I cannot think of more damning pragmatic evidence of failure for sophisticated theology. This says to me that folks like Haught are completely insincere in claiming they want to examine and discuss the credibility of their religious beliefs. When push comes to shove, Haught chooses to insulate his beliefs and remove such examinations from the public sphere.
Update from Jerry Coyne's site - it appears Haught may give permission to release the video.
He said he'd release it once Coyne put a letter of his on Coyne's website. And its on the website, albeit as a comment rather than a separate post. Ball's in your court, Haught...
What really bugs me about faith peddlers is the insidious way they just assume that the object of the faith is their deity/religious principles. I bet Haught does not believe that faith in the reward of 72 virgins in the hereafter is an adventurous movement of trust.
The thing about that kind of writing is that it's not just murky, it's also emotive. It's purple. It's like poetry (but not in a good way). It does work on people who already believe it, but I think not so much because it's murky as because it sounds Grand.
Jerry Coyne has updated to say Haught has agreed to release the video.
The video has been released, albeit missing the Powerpoint slides (they're working on a new version with those in there) and with most of the Q&A missing. Still, one can see the talks and decide whether Haught's claims were right.
It's here: http://vimeo.com/31505142
"I picture Jerry making his points calmly but forcefully, and I picture Haught not really saying much of anything. But maybe I'm wrong."
I just watched it and no, you weren't wrong.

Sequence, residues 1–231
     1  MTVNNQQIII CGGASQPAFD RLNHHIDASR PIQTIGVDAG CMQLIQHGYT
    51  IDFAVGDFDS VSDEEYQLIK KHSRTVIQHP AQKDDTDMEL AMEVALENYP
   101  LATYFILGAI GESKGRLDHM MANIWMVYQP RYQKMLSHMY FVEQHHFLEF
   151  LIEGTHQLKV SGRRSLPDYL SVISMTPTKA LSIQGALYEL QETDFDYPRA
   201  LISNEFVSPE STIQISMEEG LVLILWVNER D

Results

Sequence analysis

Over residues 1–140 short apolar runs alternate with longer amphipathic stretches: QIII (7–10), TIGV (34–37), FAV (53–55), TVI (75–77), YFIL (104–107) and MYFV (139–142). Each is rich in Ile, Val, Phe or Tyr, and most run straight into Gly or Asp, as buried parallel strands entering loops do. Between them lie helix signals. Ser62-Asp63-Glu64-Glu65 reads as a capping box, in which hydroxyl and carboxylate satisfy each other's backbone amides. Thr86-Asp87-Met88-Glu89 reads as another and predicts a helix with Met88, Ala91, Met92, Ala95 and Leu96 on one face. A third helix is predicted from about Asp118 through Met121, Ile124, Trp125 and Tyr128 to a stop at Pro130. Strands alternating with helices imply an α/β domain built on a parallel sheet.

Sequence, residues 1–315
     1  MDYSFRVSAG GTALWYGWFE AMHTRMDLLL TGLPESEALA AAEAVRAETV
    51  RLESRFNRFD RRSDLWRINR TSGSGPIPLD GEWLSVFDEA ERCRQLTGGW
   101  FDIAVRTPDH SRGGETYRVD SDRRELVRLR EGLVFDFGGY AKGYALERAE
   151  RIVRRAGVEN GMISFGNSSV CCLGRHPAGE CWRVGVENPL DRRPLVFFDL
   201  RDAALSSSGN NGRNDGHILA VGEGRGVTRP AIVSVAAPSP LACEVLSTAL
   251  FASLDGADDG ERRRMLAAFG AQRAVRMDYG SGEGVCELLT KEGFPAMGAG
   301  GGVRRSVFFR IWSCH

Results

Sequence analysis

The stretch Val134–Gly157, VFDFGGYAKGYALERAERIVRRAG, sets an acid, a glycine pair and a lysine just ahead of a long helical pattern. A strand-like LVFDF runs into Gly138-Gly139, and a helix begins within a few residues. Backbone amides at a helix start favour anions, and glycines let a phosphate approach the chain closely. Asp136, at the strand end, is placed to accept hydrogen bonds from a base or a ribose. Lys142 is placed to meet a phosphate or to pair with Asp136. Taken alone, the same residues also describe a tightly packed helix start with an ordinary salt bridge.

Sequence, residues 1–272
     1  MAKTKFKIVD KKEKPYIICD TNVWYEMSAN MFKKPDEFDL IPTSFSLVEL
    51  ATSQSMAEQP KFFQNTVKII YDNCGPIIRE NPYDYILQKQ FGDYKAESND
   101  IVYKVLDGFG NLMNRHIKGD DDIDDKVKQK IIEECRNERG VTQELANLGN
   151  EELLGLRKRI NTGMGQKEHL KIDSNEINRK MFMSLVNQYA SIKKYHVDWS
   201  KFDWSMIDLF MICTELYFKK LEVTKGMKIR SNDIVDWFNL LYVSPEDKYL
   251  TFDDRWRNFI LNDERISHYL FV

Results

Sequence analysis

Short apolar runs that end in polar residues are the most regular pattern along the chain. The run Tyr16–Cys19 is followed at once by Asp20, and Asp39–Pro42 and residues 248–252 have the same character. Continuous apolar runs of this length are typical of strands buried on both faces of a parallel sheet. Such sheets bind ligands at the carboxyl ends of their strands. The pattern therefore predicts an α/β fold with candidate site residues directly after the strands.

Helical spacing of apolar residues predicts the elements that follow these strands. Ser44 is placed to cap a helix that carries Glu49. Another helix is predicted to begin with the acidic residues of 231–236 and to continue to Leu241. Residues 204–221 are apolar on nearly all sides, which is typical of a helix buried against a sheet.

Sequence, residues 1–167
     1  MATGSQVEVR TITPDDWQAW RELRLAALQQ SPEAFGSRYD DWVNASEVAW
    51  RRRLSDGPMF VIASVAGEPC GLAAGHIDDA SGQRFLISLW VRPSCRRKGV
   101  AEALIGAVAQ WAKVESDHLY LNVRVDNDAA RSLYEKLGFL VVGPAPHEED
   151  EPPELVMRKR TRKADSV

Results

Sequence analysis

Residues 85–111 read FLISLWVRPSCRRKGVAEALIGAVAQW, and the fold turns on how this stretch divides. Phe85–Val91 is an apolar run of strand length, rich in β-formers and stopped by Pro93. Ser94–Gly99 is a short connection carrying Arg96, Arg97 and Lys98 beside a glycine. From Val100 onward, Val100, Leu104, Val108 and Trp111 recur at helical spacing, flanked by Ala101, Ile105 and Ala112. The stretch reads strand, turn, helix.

It turns out John Haught opposed the release out of pure compassion for Jerry, who would have looked extremely bad if people saw how he made the Catholic Church look bad by detailing their monstrous (Haughtâs word) record:
You should be grateful that I have tried to protect the public from such a preposterous and logic-offending way of bringing your presentation to a close.
Either this is jaw-droppingly patronizing, or it is a barefaced, shameless lie. TBPH, I canât decide which is more likely.
I expect the truth was that Haught was so confused and upset by the whole thing that he couldn't even disentangle his own emotions about it, all he knew was he wished it hadn't happened and he wanted to forget it ever had. Ergo censorship, unfortunately it backfired and now it's worse than he could ever have imagined. If I hadn't listened to his blathering explanation of the value of faith I'd feel sorry for the man, as it is, *blows raspberry*.
Haught says of the discussion "my meeting with you was exceptionally dismaying and unproductive". To translate into regular english "You said I was wrong and that hurt my feelings." It seems Haught has never had an discussion with someone who vigorously challenges his core assumptions, and having to try and defend them made him uncomfortable. Someone please call a waaaaaaaambulance for the poor theologian.